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counterintuitive, but here's an agency that's supposed to be licing, enforcing, being a watchdog over the financialan industry mike mulvaney is now saying, well, we're going to use this agency to deregulate parts of this industry. it's a little bit of a brain bender. of course, who wouldn't want to get rid of regulations that are necessary? but i think that's part of what he's saying. i think e other thi, look, this is sort of generalizations here, but -- and you can look at what's actually been done so far since mike mulvaney has come on board, there have been thies that happened. a rule to regulate payday elnders more aggresshas been put on hold. a payday lender that was being investigated by the consumer financial protection agency, that investigation was dropped. it's aluso tre that that company, that payday lending a companigh-interest lender, gave money to mike mulvaney's
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campaign whegrhe was in cons and, thirdly, the story i dugs into, there lawsuit against what folks at the bureau, attorneys at the bureau who brought this lawsuit said.hi there was s illegal online loan shark charging 950 interest rates, tricking people into these long strings ofwe payments tha on and on and on where you borrow 90bucks and end up paying back $3,700 just monthsletter. there was this lawsuit in the works, and muvaney decided to drop that lawsuit. there was a bit of exchange in my story today on npr about that. we can talk abut it if you want. those are things that clearly have happened so far that may give us an indtion about where things are going next. >> brangham: chr arnold of national public radio. thank you so much for your time. >> absolutely, glad to be her
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>> woodruff: we turn back now to politics, and to our regular politics monday pair: amy walter epof "the cook politicalt," and tamara keith of npr. welcome to both of you. so i i think, by my calendar,dae are now in six following the saed of the depahite house aide, tam, rob porter after allegations of domestic abuse by both his formerwiv. the white house still apparently struggling the to explain what happened, how they handled it. are we anyho clearer onw they did handle it? >> not really. we get new timelines on a seregular basis and, today, sarah sanders delivered what was a new timeline tht encompassed some of the previous timelines, and the basic message was, within 24 hours of learning thef full extenthe accusations,
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he was gone. wever, there have been, you know, the chief of staff, general kelly has tried to say that ed within 40 minutes. it's not clear what that actuly means because, wihin that 24-hour period and well after that 40 mieutes, the wh house was still on the record n, ofing rob porter and the course, you have the president of the united states who, on friday, came out and said that he hoped porter would get a greanew job, that he was a valued member of the white house team. so sort of contradicting the distancing that other white house des had been trying to do. >> woodruff: and the president, amy, tweeted saturday basically sympathy for people who were accused in his words wrongly of these kinds of things. th there are two blanks os story. one is the narrative we've seen this entire year which is the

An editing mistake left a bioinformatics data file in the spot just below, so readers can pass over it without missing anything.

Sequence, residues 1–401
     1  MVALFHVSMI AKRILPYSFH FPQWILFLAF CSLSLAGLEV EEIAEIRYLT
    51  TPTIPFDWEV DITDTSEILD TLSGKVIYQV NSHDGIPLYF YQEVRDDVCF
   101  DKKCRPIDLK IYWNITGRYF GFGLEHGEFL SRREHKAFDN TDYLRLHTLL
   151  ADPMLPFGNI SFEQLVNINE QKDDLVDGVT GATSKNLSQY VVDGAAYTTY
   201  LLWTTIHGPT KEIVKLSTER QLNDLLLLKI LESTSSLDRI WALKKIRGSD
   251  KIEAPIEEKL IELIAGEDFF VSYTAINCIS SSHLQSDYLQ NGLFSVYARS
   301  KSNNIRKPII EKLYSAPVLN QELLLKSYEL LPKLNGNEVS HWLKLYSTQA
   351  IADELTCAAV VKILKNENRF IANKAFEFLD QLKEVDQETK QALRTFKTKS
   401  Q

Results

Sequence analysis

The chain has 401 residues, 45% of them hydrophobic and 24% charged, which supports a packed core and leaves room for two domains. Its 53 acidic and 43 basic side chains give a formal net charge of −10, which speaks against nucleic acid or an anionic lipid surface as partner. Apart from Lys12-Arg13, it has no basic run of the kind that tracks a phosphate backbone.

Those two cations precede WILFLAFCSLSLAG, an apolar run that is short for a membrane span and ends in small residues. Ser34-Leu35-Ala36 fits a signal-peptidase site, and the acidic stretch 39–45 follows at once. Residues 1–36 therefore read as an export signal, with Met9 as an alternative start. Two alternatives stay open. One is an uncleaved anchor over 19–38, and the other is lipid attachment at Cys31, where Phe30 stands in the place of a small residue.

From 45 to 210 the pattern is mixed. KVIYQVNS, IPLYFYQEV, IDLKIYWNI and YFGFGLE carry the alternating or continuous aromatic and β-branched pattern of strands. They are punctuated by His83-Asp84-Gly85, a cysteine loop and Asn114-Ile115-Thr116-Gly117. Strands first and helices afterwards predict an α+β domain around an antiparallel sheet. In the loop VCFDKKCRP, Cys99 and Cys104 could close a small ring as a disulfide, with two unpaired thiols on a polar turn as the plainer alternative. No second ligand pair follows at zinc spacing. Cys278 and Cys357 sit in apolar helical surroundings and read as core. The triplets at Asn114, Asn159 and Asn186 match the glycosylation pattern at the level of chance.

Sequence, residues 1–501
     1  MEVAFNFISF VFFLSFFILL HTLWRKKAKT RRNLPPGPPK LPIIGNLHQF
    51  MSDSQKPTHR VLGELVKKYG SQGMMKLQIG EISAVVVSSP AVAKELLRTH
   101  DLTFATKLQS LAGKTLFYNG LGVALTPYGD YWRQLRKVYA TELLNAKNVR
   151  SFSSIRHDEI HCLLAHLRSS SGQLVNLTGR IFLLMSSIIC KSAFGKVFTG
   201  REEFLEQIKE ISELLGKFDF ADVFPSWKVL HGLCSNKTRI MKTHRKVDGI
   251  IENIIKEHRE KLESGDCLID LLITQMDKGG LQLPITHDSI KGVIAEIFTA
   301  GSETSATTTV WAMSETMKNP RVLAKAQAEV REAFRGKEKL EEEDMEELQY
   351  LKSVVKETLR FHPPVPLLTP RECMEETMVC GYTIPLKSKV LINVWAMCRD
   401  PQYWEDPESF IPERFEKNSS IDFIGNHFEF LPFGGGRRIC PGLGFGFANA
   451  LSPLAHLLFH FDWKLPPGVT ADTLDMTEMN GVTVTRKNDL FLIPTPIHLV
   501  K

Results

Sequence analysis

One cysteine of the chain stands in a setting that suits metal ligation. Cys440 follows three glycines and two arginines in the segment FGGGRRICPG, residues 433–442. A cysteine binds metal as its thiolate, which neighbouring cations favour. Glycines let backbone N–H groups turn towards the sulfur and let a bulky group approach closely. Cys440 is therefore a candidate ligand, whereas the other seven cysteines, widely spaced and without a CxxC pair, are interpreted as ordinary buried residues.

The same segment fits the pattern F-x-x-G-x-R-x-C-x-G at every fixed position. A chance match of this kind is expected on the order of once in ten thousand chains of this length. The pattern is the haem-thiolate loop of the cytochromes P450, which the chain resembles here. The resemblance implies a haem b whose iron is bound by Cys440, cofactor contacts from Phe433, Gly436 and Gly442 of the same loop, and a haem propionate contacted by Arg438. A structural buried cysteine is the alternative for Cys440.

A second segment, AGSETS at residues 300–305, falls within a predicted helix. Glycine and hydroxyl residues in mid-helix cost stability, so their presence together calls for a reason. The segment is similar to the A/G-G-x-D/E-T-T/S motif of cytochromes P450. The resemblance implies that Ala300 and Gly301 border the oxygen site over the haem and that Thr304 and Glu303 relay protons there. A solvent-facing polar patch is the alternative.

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lack of vetting for many of the affers, the chaos inside the white house, the sloppiness inside the whitmshouse, in t of the staffing and dealing re's internalthe problems. but then the other branch of this is the issue ofwomen, d we are now in the middle of what we're in the middle of, a reckoning on discriminatioand violence against women and assault against women, which ist takis in an entirely different direction. the president, of course, not simp just defending porter as a person and saying good things about him but alo going on to say, i don't know, maybe this #metoo movement has gone a little bit too far. why aren't we talking about the people who have been accused. we spent way too much time on the accuss and taking their word for it. that's very much out of step where at least we know as a society and other industries have gone whicis to say we're going to believe the accusers first and then we're going to
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staw start talking about these who are accused. >> woodruff: you havhe sa sanders saying domestic abuse shouldn't be toleforated in any . >> why doesn't he tell us that or tweet it? thone time we know president trump has been asked about reporters about the #metoo movement, it happened at the same time he was also asked about roy moore in november. it's a fascinating 45 seconds where he was asked about the #metoo movement, he says it's great some of these things are coming to light, women should be heard, and within 30 seconds was also saying roy moore denies it, we should #what he say should listen to him -- roy moore being the alabama sen candidate who president trump endorsed. so there is the distinction p between peopsident trump likes and knows and has spoken to and abstract othe,